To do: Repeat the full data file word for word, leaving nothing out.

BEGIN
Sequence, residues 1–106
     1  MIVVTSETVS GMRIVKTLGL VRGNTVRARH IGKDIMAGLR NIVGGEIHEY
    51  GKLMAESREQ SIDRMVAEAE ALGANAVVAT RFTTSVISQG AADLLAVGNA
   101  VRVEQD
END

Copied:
Sequence, residues 1–106
     1  MIVVTSETVS GMRIVKTLGL VRGNTVRARH IGKDIMAGLR NIVGGEIHEY
    51  GKLMAESREQ SIDRMVAEAE ALGANAVVAT RFTTSVISQG AADLLAVGNA
   101  VRVEQD